In his book Alchemy of Finance, Hungarian billionaire investor George Soros puts forth an interesting concept called the ‘Theory of Reflexivity’. According to this theory, markets are reflexive. So, the beliefs held by investors tend to affect the fundamentals of the market and vice-versa. This reflexive mechanism forms a powerful feedback loop which can cause positive or negative outcomes, depending upon the herd or the collective thinking.
This theory, perhaps, could be the answer to the mayhem that the stock markets have witnessed over the past couple of days. Along with global markets that went on a downward spiral, India too saw its benchmark indices, Nifty and Sensex, falling by 8% each on March 12. The next day, the exchanges oscillated between hitting the lower circuit in the early hours to ending 4% (Sensex) and 4.5% (Nifty) higher after trading was halted for the first time in 12 years.“Have we ever seen something like this before? My memory doesn’t help me. Reasons for this volatility are very different from what we have seen in the past. Real world and real economy concerns led emotions are ruling the markets,” says Nitin Bhasin, head of research-institutional equities, Ambit Capital.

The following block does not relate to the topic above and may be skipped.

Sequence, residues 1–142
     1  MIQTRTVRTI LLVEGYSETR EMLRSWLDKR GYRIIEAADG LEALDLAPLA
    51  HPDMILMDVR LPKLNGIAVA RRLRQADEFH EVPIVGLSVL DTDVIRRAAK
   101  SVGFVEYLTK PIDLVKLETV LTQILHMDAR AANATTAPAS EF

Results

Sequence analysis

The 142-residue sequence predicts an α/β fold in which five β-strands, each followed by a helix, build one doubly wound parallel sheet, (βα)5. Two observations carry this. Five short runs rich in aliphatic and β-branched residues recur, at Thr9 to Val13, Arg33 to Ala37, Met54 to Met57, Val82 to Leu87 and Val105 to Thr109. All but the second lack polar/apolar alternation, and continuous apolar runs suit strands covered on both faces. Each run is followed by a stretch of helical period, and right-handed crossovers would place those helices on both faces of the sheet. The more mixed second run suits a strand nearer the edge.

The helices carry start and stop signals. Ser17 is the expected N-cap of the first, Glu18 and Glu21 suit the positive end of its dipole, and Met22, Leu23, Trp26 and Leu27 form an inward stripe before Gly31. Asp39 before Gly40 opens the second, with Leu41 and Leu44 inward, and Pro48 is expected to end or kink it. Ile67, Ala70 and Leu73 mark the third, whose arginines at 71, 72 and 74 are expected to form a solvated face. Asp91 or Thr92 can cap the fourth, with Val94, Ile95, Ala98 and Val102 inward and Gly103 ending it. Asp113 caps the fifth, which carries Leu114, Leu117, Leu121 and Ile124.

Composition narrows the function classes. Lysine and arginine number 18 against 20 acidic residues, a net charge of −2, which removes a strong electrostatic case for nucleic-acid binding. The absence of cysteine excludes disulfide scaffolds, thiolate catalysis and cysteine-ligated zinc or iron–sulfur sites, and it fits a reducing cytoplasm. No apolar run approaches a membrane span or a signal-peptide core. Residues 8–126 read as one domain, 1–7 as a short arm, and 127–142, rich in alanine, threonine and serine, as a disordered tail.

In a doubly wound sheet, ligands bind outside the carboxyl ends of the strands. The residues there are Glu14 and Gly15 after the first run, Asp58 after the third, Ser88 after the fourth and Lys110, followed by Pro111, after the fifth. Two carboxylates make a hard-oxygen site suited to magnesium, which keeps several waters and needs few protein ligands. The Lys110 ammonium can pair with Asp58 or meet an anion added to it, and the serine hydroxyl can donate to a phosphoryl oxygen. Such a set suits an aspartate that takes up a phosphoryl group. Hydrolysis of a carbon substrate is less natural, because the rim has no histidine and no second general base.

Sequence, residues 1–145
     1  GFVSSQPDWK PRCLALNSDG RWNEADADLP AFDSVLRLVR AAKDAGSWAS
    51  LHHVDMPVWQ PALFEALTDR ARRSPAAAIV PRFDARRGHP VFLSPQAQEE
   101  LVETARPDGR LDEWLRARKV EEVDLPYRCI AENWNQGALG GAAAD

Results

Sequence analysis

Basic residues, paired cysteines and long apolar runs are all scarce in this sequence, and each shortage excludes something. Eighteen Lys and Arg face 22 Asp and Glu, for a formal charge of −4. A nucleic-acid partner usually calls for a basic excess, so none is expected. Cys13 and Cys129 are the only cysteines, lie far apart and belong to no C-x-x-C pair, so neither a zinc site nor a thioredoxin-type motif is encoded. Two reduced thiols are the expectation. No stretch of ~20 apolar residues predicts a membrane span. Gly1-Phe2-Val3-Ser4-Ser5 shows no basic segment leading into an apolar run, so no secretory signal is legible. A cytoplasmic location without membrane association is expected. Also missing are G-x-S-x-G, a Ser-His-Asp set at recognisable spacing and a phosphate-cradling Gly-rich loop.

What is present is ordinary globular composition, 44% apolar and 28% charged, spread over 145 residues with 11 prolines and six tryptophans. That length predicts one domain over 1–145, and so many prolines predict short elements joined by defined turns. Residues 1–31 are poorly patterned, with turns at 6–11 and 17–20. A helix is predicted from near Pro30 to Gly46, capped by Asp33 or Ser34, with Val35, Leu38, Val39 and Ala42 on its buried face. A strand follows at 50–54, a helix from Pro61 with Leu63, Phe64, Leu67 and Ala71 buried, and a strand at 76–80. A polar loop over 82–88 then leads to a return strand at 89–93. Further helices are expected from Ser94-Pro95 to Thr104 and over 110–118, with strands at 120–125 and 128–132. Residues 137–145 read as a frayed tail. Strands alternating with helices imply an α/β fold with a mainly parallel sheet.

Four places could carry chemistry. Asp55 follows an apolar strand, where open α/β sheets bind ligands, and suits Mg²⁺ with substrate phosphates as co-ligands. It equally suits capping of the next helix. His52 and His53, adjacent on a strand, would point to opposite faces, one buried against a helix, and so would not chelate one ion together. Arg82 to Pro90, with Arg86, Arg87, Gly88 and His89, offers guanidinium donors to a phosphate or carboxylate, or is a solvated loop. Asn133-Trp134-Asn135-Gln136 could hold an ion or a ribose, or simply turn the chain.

Bhasin’s statement is validated by the India VIX, a measure of investors’ risk perception, which rose by 22% in just a week to 80. Moreover, foreign portfolio investors (FPIs) have already pulled out Rs.543 billion from the Indian capital markets this month, as on March 24. The latest pandemic has wreaked havoc on markets around the world as the MSCI All Country World Index shows a 30% fall from January 2020. In comparison, during the other disease outbreaks in recent times, markets did not react as sharply (See: Deadly diseases).
This emotional roller-coaster is courtesy Covid-19, termed a pandemic by World Hea